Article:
- Maple Finance has launched a cash management pool for U.S. Treasury Bills.
- The DeFi crypto lender’s new on-chain cash management pool will simplify access to U.S. Treasury yields.
- Maple’s new product will only be available to entities and individuals based outside the United States.
Maple Finance has launched a new cash management pool for U.S. Treasury Bill yields. The DeFi crypto lender’s new product will allow accredited web3 investors to access the pool that invests in one-month Treasury Bills, with no minimum lock-up period.
Maple Finance’s New T-Bill Pool Is Not Available For U.S. Customers
According to a blog post by Maple, the new product will enable decentralized autonomous organizations (DAO), offshore firms, Web3 treasures, and high net-worth individuals to park their idle funds in its pool for direct access to Treasury bill yields, whilst meeting their liquidity, risk and accounting requirements. However, the cash management pool will not be available to clients based in the United States.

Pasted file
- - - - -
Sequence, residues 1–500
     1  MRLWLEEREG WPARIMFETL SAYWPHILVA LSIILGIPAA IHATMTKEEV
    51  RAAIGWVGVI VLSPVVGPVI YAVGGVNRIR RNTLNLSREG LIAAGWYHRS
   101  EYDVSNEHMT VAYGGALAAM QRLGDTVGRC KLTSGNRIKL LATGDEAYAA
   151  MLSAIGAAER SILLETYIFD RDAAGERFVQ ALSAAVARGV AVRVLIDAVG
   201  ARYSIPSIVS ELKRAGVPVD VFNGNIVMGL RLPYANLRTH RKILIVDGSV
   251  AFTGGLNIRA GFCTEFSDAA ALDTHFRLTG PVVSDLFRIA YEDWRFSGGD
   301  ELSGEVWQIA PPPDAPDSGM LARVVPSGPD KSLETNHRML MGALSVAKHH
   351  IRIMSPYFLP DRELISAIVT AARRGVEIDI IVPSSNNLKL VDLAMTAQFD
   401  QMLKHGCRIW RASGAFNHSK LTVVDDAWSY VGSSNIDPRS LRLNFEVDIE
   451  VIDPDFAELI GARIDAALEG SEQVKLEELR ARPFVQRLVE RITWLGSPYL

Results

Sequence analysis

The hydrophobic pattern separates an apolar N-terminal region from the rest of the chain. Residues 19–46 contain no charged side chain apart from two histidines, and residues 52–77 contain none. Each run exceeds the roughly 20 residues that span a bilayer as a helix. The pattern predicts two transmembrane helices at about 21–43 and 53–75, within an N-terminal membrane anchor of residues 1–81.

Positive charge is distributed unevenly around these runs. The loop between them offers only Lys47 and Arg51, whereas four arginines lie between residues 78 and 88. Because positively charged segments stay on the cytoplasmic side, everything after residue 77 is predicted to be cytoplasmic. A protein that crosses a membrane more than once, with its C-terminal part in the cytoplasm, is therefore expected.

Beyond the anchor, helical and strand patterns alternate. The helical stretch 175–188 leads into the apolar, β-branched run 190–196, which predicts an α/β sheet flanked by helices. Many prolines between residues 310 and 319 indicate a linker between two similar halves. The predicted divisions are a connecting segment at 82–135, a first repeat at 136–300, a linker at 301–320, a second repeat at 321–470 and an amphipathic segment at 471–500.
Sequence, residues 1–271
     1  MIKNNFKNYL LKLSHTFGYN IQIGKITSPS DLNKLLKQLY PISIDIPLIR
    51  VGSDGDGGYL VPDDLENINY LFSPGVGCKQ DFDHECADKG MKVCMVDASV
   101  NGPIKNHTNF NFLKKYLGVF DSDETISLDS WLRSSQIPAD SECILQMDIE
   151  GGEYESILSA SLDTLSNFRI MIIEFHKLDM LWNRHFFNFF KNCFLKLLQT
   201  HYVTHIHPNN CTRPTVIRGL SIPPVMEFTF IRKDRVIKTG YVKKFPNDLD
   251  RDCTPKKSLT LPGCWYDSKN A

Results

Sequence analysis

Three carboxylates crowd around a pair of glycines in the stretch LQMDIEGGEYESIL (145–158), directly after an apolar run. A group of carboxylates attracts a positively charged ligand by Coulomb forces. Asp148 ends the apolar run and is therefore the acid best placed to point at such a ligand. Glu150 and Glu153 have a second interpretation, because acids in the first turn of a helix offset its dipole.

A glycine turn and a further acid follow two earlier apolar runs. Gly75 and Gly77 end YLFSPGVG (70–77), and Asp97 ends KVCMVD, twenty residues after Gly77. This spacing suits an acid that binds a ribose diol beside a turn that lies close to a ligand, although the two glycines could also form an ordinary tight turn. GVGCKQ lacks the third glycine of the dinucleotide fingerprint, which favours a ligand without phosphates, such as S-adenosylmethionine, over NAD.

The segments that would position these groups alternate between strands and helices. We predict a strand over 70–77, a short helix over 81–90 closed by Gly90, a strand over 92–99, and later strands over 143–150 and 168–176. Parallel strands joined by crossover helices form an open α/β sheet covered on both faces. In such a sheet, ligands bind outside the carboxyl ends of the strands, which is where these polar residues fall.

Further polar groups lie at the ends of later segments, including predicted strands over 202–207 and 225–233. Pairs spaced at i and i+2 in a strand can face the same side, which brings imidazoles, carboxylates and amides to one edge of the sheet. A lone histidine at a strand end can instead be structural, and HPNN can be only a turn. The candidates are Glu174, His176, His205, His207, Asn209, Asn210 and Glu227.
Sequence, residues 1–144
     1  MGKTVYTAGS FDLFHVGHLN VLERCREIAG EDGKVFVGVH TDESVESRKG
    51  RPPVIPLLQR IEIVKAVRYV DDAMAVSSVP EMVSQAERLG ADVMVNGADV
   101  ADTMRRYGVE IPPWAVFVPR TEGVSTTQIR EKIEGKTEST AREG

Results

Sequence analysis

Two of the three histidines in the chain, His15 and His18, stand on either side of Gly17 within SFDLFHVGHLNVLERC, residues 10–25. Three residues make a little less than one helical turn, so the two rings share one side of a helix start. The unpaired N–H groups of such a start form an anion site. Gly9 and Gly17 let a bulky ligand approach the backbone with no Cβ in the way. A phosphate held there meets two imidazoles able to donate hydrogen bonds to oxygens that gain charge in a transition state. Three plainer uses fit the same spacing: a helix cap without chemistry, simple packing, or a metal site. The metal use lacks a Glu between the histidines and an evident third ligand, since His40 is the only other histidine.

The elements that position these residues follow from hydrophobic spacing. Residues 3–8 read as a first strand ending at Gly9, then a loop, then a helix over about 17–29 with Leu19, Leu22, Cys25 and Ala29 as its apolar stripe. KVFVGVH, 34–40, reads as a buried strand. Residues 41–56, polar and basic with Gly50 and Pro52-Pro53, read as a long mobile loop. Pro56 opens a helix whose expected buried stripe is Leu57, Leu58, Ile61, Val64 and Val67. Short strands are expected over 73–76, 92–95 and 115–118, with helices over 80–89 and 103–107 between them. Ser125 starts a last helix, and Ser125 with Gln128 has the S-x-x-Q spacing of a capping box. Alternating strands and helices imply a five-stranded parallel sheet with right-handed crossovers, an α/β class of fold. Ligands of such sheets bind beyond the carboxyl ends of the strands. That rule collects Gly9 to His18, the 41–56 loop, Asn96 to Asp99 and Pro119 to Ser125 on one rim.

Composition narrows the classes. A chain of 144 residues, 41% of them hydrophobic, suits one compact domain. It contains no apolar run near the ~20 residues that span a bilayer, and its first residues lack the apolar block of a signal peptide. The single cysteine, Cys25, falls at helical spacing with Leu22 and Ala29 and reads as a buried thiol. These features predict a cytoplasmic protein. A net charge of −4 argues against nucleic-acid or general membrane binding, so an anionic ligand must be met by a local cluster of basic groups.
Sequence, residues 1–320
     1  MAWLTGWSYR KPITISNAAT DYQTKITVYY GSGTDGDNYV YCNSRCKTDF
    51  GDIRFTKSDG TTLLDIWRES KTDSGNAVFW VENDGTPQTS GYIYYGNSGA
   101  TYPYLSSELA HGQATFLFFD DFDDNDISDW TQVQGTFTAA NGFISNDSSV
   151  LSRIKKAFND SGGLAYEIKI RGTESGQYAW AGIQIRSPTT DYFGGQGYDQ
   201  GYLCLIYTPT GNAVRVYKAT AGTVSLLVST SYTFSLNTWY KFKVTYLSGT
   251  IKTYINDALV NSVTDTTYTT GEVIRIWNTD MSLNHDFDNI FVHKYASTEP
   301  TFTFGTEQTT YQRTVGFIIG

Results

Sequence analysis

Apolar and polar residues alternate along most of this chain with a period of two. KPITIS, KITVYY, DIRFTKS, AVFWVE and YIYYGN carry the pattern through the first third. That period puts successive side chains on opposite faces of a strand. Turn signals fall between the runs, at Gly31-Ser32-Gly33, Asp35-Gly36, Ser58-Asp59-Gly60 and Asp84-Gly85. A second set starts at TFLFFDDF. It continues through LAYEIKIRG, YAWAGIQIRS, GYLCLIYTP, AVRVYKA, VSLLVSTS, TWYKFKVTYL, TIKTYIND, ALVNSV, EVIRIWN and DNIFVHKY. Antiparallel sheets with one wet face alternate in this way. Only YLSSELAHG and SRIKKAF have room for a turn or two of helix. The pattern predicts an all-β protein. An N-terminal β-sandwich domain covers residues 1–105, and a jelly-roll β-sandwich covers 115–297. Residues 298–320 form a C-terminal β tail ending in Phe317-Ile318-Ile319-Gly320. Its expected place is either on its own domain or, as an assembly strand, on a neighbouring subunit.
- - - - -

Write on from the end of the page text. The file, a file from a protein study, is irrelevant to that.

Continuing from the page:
This pool lets stablecoin holders focus on their core business activities whilst we take care of the technicalities. The access to banking and deposit services for startups has narrowed so the importance of having this service on-chain cannot be overstated.”Sid Powell, CEO and Co-Founder, Maple Finance.
Maple’s T-Bill pool will offer investors the one-month Treasury bill yield. A 0.5% management fee will be applicable on stablecoin deposits. As per the current T-Bill rate, investors will get a 3.2% yield annually. All deposited funds will be directed to a special purpose vehicle (SPV) which lends it to Room40 Capital, an institutional crypto hedge fund that will act as the sole borrower from the pool to invest in the U.S. Treasury Bills. The DeFi crypto lender has simplified the onboarding process such that clients will be able to complete applications within 15 minutes.
Speaking on the new T-Bill pool, Maple developers stated that most on-chain risk-free offerings do not seem safe enough to attract investment from treasury funds. “Counterparty risk is either too high, assets too illiquid, too complicated with ETFs, or rates between 1-2% too low for the level of smart contract risk,” the developers added.